Recipe: Summery Corn Stock

Corn on the cob is the essence of summer.  Whenever we barbecue, it’s never a question of whether or not to eat corn…it’s just a matter of how we’ll prepare it.  Inevitably, we grab too many ears and end up with some leftovers that used to sit in the fridge until I decided enough time had passed for them to move to the compost.

I recently discovered the rich, creamy beauty of corn stock, though, and now those extra ears are like gold.  I even scoop up the ends of half eaten ears from time to time so I have plenty of cobs to make stock.

Corn stock is so easy to make, it really isn’t even a recipe.  It also takes something that is normally considered waste and makes a wonderful, flavorful food.  This stock does more to capture late summer than any pesto or canned tomato.  Use it as a base for chowders or vegan pozole, and the mellow scent of the cornfield will warm the corners of your house with steamy sunshine even in the dark days of winter.

Layered flavors elevate any dish, and stock makes the perfect base for recipes.  Sometimes, I hear people lament that vegan food, or just vegetables in general, are bland.  Without rich, layered seasoning to add complex flavor, any food lacks taste.  When making soups, sauces, and stews, a rich, solid stock forms the perfect base to build the tons of flavor.

Making corn stock is so simple.  Just freeze leftover cooked corn and then, when you have enough to fill a stock pot halfway, boil the cobs in water until the stock is cloudy and a little thick.  Then, reduce a bit and freeze to add a burst of summer to any dish!

Make rich stock from corn cobs.
Make rich stock from corn cobs.

Make sure you strain the stock, too.  I use a regular colander and bowl.  Instead of cheesecloth, which I think breaks down a little too quickly, I use a scrap of cotton gauze fabric.

The cotton gauze is actually a hood sample from a custom sewing project...
The cotton gauze is actually a hood sample from a custom sewing project…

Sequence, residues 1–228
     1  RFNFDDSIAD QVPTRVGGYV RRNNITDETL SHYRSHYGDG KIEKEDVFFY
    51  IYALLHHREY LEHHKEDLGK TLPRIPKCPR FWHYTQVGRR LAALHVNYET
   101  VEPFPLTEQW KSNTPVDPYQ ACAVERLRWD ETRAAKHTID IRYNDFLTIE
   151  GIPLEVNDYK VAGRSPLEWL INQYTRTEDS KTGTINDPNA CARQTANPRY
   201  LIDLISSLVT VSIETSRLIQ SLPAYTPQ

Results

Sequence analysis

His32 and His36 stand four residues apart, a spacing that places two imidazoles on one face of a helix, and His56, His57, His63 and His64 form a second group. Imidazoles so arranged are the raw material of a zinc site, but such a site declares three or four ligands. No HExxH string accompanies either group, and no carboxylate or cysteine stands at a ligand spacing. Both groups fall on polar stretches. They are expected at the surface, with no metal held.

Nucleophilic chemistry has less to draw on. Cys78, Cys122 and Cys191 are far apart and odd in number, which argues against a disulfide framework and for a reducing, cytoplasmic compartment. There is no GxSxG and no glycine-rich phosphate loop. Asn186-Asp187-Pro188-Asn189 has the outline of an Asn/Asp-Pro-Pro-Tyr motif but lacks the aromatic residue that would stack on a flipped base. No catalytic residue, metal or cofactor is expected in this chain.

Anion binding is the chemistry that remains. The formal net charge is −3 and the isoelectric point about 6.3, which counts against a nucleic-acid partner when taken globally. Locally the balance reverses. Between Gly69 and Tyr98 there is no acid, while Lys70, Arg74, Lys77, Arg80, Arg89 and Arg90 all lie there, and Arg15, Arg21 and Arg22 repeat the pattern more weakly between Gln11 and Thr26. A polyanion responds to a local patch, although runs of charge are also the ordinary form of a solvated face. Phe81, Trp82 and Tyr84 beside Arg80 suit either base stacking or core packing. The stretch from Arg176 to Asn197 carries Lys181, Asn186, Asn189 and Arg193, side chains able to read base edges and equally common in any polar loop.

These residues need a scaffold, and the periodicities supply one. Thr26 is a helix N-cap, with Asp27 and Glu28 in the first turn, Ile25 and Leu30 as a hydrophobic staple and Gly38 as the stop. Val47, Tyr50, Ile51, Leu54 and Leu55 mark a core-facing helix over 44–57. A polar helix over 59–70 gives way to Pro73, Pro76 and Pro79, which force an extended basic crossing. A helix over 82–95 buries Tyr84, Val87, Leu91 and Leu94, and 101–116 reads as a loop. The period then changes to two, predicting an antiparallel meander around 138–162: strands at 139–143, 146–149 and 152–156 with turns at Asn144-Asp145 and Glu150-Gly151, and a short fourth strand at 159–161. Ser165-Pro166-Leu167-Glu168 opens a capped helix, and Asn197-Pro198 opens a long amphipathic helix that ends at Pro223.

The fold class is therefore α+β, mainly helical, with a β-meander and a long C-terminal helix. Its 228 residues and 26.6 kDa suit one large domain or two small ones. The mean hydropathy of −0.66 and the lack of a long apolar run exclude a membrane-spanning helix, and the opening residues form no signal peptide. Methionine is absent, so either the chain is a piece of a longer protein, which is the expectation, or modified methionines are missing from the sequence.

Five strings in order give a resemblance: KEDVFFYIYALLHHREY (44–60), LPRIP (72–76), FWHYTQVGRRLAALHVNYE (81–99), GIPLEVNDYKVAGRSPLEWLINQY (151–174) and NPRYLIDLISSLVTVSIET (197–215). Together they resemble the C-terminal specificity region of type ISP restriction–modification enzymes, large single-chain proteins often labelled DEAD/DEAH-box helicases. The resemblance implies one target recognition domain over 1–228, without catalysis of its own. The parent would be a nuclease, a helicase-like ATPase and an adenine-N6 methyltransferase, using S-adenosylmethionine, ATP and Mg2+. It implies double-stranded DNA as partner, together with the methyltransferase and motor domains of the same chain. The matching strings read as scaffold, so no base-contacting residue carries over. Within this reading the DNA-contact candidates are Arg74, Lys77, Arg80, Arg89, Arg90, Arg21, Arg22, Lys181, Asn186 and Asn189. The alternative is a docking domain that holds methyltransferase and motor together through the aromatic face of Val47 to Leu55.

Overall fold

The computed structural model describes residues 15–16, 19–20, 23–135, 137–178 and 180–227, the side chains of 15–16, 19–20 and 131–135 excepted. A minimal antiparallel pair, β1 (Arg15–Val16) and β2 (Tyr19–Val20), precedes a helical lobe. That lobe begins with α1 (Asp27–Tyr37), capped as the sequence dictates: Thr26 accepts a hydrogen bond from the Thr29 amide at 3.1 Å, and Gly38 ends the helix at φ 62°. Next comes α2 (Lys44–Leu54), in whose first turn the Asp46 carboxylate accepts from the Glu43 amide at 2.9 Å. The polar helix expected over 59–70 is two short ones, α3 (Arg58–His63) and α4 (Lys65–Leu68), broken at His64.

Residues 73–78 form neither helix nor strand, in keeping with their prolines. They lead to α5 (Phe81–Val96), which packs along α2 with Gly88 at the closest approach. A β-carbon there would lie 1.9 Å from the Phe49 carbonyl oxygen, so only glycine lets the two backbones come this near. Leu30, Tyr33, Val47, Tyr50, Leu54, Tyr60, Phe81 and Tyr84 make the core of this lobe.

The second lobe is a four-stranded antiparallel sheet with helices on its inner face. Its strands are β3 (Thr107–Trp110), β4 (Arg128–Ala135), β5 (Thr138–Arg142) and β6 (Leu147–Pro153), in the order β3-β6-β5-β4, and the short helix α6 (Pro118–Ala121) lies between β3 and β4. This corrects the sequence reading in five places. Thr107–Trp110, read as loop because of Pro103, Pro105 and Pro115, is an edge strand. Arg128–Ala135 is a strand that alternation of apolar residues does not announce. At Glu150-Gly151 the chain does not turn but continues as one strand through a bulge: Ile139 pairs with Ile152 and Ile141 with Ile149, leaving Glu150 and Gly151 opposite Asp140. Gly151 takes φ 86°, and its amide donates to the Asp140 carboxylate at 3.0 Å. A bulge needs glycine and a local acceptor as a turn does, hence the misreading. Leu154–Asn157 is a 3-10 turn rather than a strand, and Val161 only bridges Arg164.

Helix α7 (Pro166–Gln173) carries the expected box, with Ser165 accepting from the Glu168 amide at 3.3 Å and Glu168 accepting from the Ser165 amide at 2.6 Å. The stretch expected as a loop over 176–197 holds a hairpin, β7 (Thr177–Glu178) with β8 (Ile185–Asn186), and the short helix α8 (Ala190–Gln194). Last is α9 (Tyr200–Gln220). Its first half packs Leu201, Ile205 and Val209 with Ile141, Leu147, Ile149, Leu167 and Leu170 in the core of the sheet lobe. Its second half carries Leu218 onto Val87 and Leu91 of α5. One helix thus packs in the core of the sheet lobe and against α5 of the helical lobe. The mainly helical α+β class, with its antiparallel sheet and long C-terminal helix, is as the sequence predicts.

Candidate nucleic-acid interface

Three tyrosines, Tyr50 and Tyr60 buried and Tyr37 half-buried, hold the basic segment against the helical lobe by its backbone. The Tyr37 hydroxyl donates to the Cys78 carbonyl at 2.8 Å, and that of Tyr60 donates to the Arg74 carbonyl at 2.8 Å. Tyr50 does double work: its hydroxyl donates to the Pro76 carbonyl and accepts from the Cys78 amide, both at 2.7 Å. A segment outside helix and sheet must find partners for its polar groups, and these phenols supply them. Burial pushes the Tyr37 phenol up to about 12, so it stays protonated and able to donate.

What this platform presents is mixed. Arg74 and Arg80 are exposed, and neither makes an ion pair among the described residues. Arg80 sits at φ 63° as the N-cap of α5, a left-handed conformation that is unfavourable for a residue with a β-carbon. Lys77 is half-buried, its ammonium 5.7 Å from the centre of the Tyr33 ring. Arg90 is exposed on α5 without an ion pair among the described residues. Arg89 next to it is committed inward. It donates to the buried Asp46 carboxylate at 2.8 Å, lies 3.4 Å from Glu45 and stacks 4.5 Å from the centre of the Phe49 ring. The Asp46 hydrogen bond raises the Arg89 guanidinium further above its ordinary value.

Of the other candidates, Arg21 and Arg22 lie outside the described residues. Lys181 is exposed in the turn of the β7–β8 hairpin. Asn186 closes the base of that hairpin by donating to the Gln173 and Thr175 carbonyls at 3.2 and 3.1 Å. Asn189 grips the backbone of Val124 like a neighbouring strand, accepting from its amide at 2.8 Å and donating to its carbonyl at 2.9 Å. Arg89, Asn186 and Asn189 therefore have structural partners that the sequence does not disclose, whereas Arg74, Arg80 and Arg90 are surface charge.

Let the stock cool just a little before straining.  That way, it’s easy to squeeze every last bit out of the fabric.

Just pour the stock through the strainer to catch any bits of corn.
Just pour the stock through the strainer to catch any bits of corn.

The stock will be a bit cloudy and a soft golden color, almost like chicken stock. Sometimes, I reduce my corn stock further so that I have less to freeze.  Then, I just pour it into ice cube trays and bag up the cubes to use all winter!

If it looks a bit like chicken broth, it's done!
If it looks a bit like chicken broth, it’s done!

How I make summery corn stock:


  • cooked corn cobs, with or without corn still on them
  • enough water to fill a stock pot


  1. Place the frozen cobs in your favorite heavy bottomed stock pot and add water to cover.
  2. Bring to a boil and then let simmer for 2 hours or so.  When the cobs look grayish and the stock is thick and cloudy, the stock is done.
  3. Let the stock cool slightly.
  4. Strain the stock through cheesecloth, muslin, or other fabric and a colander, squeezing out as much liquid as possible.
  5. Now you can compost the cobs!  They’ll break down even faster now, too.
  6. Optional:  Rapidly bring the strained stock to a boil to quickly reduce.
  7. Cool, pour into ice cube trays, and freeze.

Note:  I like to add salt when cooking, so I never salt stock.  If you choose to salt your stock, just remember to adjust the salt accordingly when cooking.

This stock tastes so wonderful in rich corn and potato chowders, but I love using it in my Vegan Pulled Jackfruit Pozole the most!  I’d love to see how use use this easy recipe in your cooking!  I can’t believe I just composted corn cobs for so long!

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